Distro

new in stock from Japan.

S&M Sniper

Issue 3, 2008.


S&M Sniper is a legendary Japanese bdsm magazine which ran from 1979 to 2008 by Million Publishing and later in 1998 by Wailea publication. The publication was a vital voice in the Japanese subculture for thirty years, and aside from the obvious abnormal pleasure photographs it also showcased high-quality professional content and innovative works of art and literature from Araki Nobuyoshi, Murata Kenichi and Masami Akita (Merzbow) - plus amazing front-page illustrations by artist Yosuke Onishi. S&M Sniper was primarily a full-color operation with a special eye for intricate rope work with candles and playtime toys - all elegantly disposed with a twist of the bizarre. Revived in January 2016 as a quarterly magazine.

S&M Sniper was founded by the legendary publishing house ‘Million publishing’ (1976 - 1998). During it’s run it launched several high quality related books - one of them being SM Spirits which by many is considered to be S&M Sniper’s dirty little sister. Both issues frequented many of the same models, practitioners (Shima Shiko - ‘Shima Shiko torture’ films & ‘Pain Gate’), photographers, sessions, etc; however the aforementioned was executed with a more refined taste and catered to a more aesthetic oriented clientele. 

Soft cover + DVD
Japanese language
Color / B&W
Format: 15 x 21 cm
Roughly 198 Pages
Published by Wailea publication, March 2008.

Price: 45,- Euro + shipping.


anonymous asked:

Idk why, but I really feel like you'd like the Japanese Mori kei subculture/fashion. I know this is super random but I just felt like I should tell you

Eh….its cute but not really Me. I like all thr lace and softness, but I tend to prefer a slightly more princess-y feel. Less forest spirit more fairy pricness, ya know? I do tend to draw some inspiration from the style but I don’t think I’d go all out

cyrusdreamseeker replied to your photoset500daysofshayla: “Stop trying to make Bitter Sweet…

That’s what this aesthetic is called? I’ve always called similar looks “Toxic Candyland.” Thank you for gracing my dash with the new words and the sweet looks!

Welcome to the wild and wonderful world of lolita substyles! 

Quick crash course, in case this isn’t already part of your general knowledge: this outfit is part of the Japanese alternative fashion subculture called ‘lolita’, specifically the substyle called ‘bittersweet’. There are a lot of different substyles within lolita, though they all share the same basic fundamentals: the poofy skirts, supported by a certain shape of petticoat (as seen in the photoset; the shape of the petticoat is a Big Deal); a lot of frills, lace, and cute prints; and a focus on dressing ‘cute’ as opposed to ‘sexy’. Each of the substyles is marked by its own aesthetic, following the same basic style fundamentals. Some of the most popular include ‘sweet’, which is characterised by a lot of pastels, prints of cute characters, girly accessories, and bows; ‘gothic’, which is Exactly What It Says On The Tin; and ‘classic’, which is more Victorian-inspired. There are also increasingly more esoteric substyles and combinations of styles, including the aforementioned ‘bittersweet’, which is a combination of sweet and gothic; ‘theme’ substyles like nun lolita, nurse lolita, and maid lolita, which are exactly what they sound like; and guro, which is mostly white dresses combined with fake blood and injuries.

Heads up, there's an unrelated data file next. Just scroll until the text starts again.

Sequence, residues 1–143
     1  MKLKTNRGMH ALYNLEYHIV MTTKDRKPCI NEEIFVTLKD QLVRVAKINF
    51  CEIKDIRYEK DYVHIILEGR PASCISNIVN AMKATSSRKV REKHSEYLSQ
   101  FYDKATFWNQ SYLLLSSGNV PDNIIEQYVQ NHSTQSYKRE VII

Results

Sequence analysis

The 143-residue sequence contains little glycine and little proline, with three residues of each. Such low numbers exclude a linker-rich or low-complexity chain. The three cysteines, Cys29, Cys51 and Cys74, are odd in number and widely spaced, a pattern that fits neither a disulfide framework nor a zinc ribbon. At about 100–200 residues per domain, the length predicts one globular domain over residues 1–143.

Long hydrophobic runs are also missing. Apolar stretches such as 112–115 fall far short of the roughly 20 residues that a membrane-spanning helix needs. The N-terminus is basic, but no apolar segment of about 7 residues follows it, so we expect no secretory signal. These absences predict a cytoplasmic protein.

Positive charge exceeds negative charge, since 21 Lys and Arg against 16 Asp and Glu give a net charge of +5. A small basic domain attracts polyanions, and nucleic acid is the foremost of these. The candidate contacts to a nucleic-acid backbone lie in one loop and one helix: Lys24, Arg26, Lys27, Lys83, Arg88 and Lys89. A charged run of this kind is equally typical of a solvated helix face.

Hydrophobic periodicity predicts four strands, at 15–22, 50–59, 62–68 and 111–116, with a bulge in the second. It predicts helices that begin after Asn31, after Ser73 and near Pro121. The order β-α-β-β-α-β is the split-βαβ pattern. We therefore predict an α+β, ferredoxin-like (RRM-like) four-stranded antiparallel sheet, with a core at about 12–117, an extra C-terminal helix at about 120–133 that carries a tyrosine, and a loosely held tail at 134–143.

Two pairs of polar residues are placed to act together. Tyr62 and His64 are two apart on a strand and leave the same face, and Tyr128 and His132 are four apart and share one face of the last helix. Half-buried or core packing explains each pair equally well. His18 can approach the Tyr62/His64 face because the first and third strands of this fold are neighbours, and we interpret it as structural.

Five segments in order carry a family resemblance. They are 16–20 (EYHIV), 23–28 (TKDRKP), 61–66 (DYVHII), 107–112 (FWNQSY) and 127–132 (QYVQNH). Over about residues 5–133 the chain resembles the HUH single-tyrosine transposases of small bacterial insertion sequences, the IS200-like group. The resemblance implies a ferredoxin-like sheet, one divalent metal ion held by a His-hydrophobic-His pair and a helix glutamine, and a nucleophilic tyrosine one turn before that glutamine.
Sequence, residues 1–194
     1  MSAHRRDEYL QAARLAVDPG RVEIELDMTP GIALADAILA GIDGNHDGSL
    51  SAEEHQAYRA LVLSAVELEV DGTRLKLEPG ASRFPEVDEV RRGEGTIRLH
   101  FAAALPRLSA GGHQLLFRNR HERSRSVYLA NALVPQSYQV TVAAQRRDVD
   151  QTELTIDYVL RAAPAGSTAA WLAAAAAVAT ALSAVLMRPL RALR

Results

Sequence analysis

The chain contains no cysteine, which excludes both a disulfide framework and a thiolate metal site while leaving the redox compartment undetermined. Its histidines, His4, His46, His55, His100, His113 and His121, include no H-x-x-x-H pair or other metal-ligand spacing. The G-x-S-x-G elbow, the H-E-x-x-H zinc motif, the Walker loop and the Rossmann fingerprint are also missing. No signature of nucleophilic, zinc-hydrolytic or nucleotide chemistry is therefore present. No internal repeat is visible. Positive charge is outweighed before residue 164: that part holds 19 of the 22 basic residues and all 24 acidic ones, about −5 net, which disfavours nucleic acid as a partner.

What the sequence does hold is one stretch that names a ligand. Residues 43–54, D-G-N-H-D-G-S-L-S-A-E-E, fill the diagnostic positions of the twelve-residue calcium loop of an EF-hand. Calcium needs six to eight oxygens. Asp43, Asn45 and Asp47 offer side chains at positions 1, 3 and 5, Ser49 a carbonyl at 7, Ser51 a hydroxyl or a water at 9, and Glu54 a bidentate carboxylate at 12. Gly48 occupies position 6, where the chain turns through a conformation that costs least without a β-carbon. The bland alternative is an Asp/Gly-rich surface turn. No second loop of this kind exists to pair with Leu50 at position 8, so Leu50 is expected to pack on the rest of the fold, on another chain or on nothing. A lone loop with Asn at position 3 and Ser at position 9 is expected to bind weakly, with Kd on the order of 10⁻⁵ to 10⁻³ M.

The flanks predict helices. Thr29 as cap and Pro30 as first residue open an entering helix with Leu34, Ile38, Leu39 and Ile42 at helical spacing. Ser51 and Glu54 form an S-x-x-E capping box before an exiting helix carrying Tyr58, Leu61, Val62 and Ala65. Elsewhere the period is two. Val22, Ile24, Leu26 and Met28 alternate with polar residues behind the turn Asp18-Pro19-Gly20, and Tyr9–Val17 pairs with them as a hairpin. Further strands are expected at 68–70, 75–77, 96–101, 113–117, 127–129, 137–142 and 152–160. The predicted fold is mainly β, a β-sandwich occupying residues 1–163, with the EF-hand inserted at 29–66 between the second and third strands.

You might already know all this, or you might not; my blog and follower base have changed quite a lot over the years and I no longer know what is common knowledge in this corner of tumblr specifically and on the internet in general. I’m out of touch. One day it’ll happen to you.

Anyway! The point being, lolita has a metric fuckton of substyles and specialised terminology, and I really wish they were better known outside of the subculture. I’ve already talked about how I wish ‘OTT’ (’over the top’, which is exactly what it sounds like) would get used to talk about non-lolita fashion, because that’s what I want to be able to say to people when I try to describe my headcanon Taako’s fashion sense and have people instantly know what I’m talking about. Bittersweet is another great one, because there are so many cutesy-goth styles based on Halloween kitsch, though specific substyle names are really most useful to talk about those specific substyles.

undoubtedly-batty  asked:

What's your opinion on Lolita and other Japanese fashions being called 'cultural appropriation,' when worn by people with no Japanese heritage?

I think a lot of people on Tumblr become familiar with the term “cultural appropriation” without actually knowing what it means and end up thinking it means that no one should wear/participate in/enjoy anything that comes from another culture. What cultural appropriation really is is stealing valuable cultural traditions from another culture and using them in a way that is disrespectful and without knowledge of their meaning. These things are then often used by the culture that stole them as sort of a racist shorthand for the culture they were stolen from in the first place, i.e. a white person wearing a warbonnet to dress as a racist caricature of a Native American person. 

Pop culture and fashion trends however are not a sacred cultural practices. As long as you’re not wearing lolita in order to “dress like a Japanese person” or something its not an issue. Moreover, the people most heavily involved in the Japanese lolita subculture have made it clear that they WANT lolita to be worn by people outside of Japan! Brand stores have opened locations overseas and ship world wide, and The Japan Lolita Association (headed by Misako Aoki) has stated its mission statement is to “spread lolita fashion across the globe”. 

So no, I do not believe non-Japanese people wearing lolita fashion is cultural appropriation.